A meeting of the minds convened on Wednesday, Sept. 28 to address the rise of Donald J. Trump in the 2016 presidential election. Kicking off the History Department’s “History Matters” series for the year, the event was hosted by Professor Ying Jia Tan, featuring Dean of the Social Sciences and Professor of Public Policy Marc Eisner alongside Professor of History Ronald Schatz and Assistant Professor of History Victoria Smolkin.
Entitled “Why Trump? Why Now?”, the panel set out to explain Trump’s rise through various historical contexts, specifically in the United States, China, and Russia.
Being one of Trump’s favorite subjects, China played an immediate role when Tan kicked things off as host.
“Let me abuse my authority as chair to slip in a tongue in cheek answer to the question, ‘Why Trump? Why Now?’” Tan said. “Some compelling answers have been put forth by Chinese astrologists, who of course said that if you look at Donald Trump’s birth year, being born in the year of the dog, he seems to be entering a phase of good fortune since 2014. This year in particular, he’s entering a stage known as the stage of fire and earth, where he optimizes his five phases.”
Then, Tan got serious before lending the lectern to Schatz.
“On a more serious note, I think approaching this election from the perspective of an East Asian historian, I think we’re actually facing the very same set of issues that Confucius faced in how do we create a political leadership that is effective and moral?” he said.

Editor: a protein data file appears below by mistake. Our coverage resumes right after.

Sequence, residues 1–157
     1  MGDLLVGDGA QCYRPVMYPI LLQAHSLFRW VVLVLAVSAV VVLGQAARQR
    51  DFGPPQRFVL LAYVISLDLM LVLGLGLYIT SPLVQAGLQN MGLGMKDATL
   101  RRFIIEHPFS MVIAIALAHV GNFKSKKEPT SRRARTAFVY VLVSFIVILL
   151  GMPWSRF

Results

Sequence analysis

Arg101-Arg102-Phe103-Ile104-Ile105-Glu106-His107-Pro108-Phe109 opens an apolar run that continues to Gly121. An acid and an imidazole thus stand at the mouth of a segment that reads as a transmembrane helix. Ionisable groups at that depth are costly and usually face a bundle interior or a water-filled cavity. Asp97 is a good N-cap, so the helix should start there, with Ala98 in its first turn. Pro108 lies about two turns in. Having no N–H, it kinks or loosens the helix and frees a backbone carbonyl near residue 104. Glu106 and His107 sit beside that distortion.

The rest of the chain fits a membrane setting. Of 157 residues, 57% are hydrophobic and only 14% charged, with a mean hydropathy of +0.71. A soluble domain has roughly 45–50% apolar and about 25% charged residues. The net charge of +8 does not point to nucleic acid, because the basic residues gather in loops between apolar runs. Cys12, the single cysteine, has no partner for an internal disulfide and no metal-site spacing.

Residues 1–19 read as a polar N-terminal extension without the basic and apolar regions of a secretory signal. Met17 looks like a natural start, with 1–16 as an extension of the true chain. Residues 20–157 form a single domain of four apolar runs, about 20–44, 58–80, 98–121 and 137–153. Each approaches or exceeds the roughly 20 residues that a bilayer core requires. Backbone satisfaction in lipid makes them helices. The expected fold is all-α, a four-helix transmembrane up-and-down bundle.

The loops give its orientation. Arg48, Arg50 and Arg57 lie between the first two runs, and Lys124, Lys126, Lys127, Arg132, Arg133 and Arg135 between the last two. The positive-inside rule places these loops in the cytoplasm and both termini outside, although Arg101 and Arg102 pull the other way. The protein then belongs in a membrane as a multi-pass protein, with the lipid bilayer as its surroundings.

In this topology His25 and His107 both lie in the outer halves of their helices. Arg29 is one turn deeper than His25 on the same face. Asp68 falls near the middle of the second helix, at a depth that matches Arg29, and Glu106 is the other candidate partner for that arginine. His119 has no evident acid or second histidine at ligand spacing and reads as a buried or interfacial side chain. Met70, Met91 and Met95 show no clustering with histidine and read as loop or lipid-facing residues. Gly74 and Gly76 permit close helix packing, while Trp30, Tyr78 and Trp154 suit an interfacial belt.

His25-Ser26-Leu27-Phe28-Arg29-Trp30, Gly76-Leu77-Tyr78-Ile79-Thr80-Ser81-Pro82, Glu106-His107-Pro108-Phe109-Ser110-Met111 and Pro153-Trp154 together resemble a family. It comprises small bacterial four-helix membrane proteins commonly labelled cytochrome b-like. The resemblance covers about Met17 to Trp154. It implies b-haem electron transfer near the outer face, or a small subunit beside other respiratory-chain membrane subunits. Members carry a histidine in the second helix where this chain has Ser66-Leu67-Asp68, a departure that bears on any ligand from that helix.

Following Tan, Schatz addressed the packed lecture hall in the Public Affairs Center (PAC), focusing primarily on U.S. historical context and the implications of Trump’s rhetoric on the global stage.
“He undermines the confidence of other nations in the United States,” he said.
Schatz then laid out possible conditions that explain Trump’s rise. First is the rise in the presence and prominence of immigrants in the United States, which has simultaneously led to a feeling among many white Americans that their place in society has been diminished. Second, improvements in the status of black Americans has similarly led to a perceived reduction in status for whites, according to Schatz.
Third, a decrease in income relative to inflation among Americans without college degrees feeds into Trump’s dystopian vision of the country. The escalation of the War on Terror, especially in the form of terrorist attacks in major cities like Paris and Brussels (and even in the United States) has led to a paranoia that Trump perpetuates. Finally, Schatz posited that a fractured media environment, coupled with a Republican Party that he called “increasingly incoherent,” has left many Americans with what they see as only one choice: Donald J. Trump.
“There’s little or no common discourse,” Schatz said. “In this situation, Donald J. Trump can come to the fore, and we’ll have to deal with it one way or another.”
Then Eisner spoke, mainly addressing more recent data on Trump supporters and contextualizing his rise with that of the Tea Party.